CA 20 communicates authorizations to access and use signals to RCAS 26 located on each receiver 16. Receiver 16, RCAS 2, or a component or subsystem peripheral to RCAS 26 such as a smart card, typically has one or more identifiers. These identifiers, alone or in combination, may identify receiver 16 in network 10, and may be used by CA 20 or other systems to communicate with and send authorization commands to RCAS 26 or other components or subsystems of receiver 16. These authorizations are typically based on transmitting one or more authorizations periodically to a receiver 16; upon receiver 16 requesting a list of authorized services from CA 20; or, for services such as pay-per-view movies, on a credit scheme where the credit is transmitted to or provided with receiver 16 and the credit is reduced through usage of pay-per-view content at receiver 16. In a credit scheme, the credit may be based on a financial amount (dollars), a number of tokens or other methods that are known in the art. The credit may be provided by SMS 25 that may be separately accessed by a user of receiver 16 (such as by telephone orders to SMS 25). In such an embodiment, the authorization request and related credit information to is provided by SMS 25 to CA 20 for processing and transmission to receiver 16. Examples of SMS 25 include systems such as those provided by DST Innovis, Inc., El Dorado Hills, Calif., CSG Systems, Incorporated, Englewood, Colo., and others.

Content servers 11 a, 11 b and 11 c (referred to hereafter generally as content server 11, or CS 11) may include servers for video-on-demand (VOD), pay-per-view (PPV), impulse pay-per-view (IPPV), applications such as interactive television (iTV), or other forms of content or services. Authorization for use of these services is typically enabled through SMS 25, with actual control of the services handled either directly by the server or a related server access control component, or through a system providing access control services such as CA 20. For example, SMS 25 may pass VOD authorization commands for specific receivers 16 to CA 20. CA 20 may then in turn forward authorization messages to a VOD server, or may periodically pass a full list of authorized receivers 16 to a VOD server. Other methods for managing and propagating authorizations will be known to those of skill in the art.

An authorization sequence for service access in television distribution systems as described above is typically based on an operator's entry of the authorization to an SMS 25. The SMS 25 then generates one or more commands which are sent from the SMS 25 to the CA 20 system or other CS 11, based on an agreed protocol and a set of commands between SMS 25 and CA 20 or CS 11. The CA 20 or CS 11 may in turn use the commands from SMS 25 to generate one or more commands and send them to the RCAS 26 or other component or subsystem in receiver 16, or to another component that has a measure of control over service usage such as a CS 11 or subsystem thereof. The communication and format of commands between instances of CA 20, CS 11, RCAS 26 or other receiver components typically differs from the format and protocol of commands sent between the SMS 25 and the CA 20 or CS 11.

This process can result in multiple separate contexts for the authorizations of a receiver 16, including:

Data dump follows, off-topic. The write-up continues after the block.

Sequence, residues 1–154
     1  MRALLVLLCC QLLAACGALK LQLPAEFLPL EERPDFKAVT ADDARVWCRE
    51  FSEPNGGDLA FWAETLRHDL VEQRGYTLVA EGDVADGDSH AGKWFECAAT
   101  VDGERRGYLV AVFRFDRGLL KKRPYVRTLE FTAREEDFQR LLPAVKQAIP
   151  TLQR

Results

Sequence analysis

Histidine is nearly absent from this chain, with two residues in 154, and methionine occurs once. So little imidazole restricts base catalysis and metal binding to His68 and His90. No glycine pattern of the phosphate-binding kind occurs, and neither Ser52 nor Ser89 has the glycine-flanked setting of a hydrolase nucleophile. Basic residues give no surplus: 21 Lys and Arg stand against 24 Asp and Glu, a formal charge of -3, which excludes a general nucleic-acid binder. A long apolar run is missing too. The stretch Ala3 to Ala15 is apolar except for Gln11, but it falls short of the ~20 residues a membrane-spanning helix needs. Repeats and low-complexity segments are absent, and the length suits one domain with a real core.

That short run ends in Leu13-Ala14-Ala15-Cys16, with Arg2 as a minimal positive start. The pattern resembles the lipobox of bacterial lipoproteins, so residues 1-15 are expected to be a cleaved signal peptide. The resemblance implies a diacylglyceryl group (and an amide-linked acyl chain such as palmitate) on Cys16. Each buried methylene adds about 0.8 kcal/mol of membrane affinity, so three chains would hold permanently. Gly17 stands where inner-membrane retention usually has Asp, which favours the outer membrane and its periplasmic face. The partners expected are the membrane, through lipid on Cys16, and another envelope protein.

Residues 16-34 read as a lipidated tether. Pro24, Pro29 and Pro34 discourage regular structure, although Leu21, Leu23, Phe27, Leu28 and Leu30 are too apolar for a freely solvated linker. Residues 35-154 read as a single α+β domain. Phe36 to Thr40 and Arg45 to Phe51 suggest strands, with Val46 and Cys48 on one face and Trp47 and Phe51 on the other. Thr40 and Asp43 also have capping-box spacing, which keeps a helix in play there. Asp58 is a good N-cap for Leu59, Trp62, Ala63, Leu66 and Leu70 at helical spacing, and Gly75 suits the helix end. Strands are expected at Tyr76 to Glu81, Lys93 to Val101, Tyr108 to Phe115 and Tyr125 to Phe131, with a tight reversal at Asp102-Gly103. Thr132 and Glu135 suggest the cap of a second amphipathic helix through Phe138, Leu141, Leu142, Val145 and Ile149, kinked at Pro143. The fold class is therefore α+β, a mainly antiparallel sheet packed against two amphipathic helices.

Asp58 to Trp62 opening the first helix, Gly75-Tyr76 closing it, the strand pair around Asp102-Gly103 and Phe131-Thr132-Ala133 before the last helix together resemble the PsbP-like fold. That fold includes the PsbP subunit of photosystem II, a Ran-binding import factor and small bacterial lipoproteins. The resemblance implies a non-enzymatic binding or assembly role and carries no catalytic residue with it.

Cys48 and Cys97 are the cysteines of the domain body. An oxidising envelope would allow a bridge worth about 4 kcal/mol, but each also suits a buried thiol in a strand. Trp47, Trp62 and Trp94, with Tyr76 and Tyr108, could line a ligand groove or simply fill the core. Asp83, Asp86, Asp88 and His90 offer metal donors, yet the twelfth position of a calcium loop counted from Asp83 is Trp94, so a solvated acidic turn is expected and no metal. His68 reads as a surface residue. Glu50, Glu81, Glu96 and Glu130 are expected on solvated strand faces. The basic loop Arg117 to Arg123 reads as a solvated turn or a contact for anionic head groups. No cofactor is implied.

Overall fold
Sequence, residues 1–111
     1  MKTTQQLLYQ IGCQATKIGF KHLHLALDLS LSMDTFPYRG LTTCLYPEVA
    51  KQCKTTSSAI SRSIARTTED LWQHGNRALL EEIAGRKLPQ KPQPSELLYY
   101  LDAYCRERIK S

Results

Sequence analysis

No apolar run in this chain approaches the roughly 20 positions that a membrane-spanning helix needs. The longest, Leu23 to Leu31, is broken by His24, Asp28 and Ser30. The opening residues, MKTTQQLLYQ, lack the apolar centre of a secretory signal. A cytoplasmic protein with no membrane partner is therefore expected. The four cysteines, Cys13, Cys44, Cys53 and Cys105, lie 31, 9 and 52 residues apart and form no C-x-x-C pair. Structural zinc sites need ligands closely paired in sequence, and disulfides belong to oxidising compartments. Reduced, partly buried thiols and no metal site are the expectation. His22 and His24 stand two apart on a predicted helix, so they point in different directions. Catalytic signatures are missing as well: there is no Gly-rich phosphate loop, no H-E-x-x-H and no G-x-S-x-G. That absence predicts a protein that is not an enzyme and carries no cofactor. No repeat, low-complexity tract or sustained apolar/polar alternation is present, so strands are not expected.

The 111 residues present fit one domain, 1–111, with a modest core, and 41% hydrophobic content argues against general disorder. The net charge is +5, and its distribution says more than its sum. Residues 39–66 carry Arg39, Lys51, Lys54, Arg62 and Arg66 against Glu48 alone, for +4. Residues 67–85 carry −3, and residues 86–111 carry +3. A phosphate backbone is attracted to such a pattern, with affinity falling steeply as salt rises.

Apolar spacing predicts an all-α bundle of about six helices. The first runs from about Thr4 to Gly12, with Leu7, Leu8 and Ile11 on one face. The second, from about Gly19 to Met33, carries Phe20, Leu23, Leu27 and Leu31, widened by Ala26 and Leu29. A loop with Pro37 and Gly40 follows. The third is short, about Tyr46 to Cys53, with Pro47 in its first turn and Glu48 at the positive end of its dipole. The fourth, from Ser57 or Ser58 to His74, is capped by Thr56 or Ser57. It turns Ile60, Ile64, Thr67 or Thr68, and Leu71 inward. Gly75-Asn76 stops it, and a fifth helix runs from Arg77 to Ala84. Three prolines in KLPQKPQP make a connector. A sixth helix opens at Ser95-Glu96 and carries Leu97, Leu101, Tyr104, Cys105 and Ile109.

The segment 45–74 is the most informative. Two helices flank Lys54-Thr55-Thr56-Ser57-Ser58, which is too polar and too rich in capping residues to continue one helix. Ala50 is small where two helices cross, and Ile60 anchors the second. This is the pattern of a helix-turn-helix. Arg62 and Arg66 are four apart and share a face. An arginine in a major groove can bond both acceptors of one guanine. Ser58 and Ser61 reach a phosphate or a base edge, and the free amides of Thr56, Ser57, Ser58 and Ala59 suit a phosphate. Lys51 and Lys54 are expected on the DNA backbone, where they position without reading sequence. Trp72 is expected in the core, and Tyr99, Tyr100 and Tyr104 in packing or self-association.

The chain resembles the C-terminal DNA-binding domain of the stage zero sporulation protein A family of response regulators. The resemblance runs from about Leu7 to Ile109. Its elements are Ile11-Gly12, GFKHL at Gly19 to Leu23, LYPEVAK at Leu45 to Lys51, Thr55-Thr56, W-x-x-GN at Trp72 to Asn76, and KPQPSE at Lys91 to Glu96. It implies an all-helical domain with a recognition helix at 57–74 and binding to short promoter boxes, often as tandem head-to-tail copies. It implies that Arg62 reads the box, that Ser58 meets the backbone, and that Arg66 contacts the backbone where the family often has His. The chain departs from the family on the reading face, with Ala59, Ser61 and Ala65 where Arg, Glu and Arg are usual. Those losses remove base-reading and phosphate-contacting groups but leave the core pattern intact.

• the records that may stored within the SMS 25
    • the records that may stored within the CA 20
    • the records that may stored within the RCAS 26 of the receiver 16
    • the records that may be stored within other components or subsystems of the receiver 16, such as an EPG or VOD component
    • the records that may be stored within various instances or subsystems of CS 11.

Inconsistencies may develop between these multiple contexts, wherein the authorization status of a subscriber may not be synchronized among the SMS 25, CA 20, CS 11, RCAS 26 and other receiver subsystems. Receivers 16 which, according to the records of SMS 25, have no current authorization for one or more services may be found in operation with the ability to use signals or services for which, according to the records of SMS 25, the receivers 16 are not authorized to process.

Detection of unauthorized usage is often rendered difficult, as a compromised receiver 16 may not have a method of communicating back with the operator, the return communication means of the receiver 16 may be disabled, or functions simply may not be available for a receiver 16, CA 20 or CS 11 system to report on the available subscriptions or to reconcile subscriptions between the components.

System operators typically tend to not have means to practically remedy this problem because:

    • CA 20, SMS 25 and CS 11 systems may not have the capability to reconcile authorizations with a receiver 16 or with each other, or may have deficiencies in their reconciliation systems;
    • CA 20 and CS 11 systems may not have interfaces or automated systems in place to allow either manual or automated reconciliation of receiver 16 authorizations;
    • Reconciling receivers 16 on a manual basis from SMS 25 may result in significant operator costs. Usage of SMS 25 systems may result in separate charges from the vendor of SMS 25 for account creation to access the receivers 16 and for each transaction sent to receiver 16;
    • Manual entry is prone to errors, which could result in unintended disabling of in-service receivers 16;
    • The authorization inconsistencies may be the result of improper or unauthorized use of the SMS 25, CA 20 or CS 11 systems, in which case manual use of either system could result in detection and disruption or circumvention of the corrective measures being applied.